Historically, the European Commission has followed an expert-based depoliticized route to gain attention for policy issues and the credibility to deal with them. Given growing politicization, we ask whether the Commission might increasingly seek citizens’ views and whether there is patterned variation. We provide the first mapping of special Eurobarometers, the massive instrument for issue-specific public opinion. We found a steep increase and a curvilinear pattern: public opinion is rarely invited in areas of exclusive European Union competencies and exclusive national competencies. Most special Eurobarometers focus on shared competencies. Citizens are almost never asked about expenditure programmes and never on immigration. There is large variation across the Directorates General, which is only weakly related to the amount of planned legislation and the number of expert committees. Business-oriented Directorates General are much less likely to seek public opinion. These results open up promising avenues for research on agenda-setting strategies at times of politicization.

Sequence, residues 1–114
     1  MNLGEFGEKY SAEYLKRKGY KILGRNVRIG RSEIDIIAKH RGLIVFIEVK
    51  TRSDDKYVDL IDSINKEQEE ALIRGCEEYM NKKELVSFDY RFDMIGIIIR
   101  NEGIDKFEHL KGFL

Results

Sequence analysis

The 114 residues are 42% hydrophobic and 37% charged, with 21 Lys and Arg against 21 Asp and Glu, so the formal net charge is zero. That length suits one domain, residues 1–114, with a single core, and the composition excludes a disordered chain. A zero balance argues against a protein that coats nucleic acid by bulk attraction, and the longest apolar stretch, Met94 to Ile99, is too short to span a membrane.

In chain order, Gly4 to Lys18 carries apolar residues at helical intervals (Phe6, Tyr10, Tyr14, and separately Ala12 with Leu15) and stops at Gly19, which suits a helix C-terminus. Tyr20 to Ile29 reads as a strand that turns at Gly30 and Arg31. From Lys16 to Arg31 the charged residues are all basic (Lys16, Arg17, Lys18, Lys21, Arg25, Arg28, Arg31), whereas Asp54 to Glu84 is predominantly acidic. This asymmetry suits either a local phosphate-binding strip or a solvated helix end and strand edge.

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doi.org/10.1080/13501763.2016.1249014, hdl.handle.net/1765/94411
Journal of European Public Policy
Department of Public Administration

Haverland, M., Ruiter, M. de (Minou), & Van de Walle, S. (2016). Agenda-setting by the European Commission. Seeking public opinion?. Journal of European Public Policy, 1–19. doi:10.1080/13501763.2016.1249014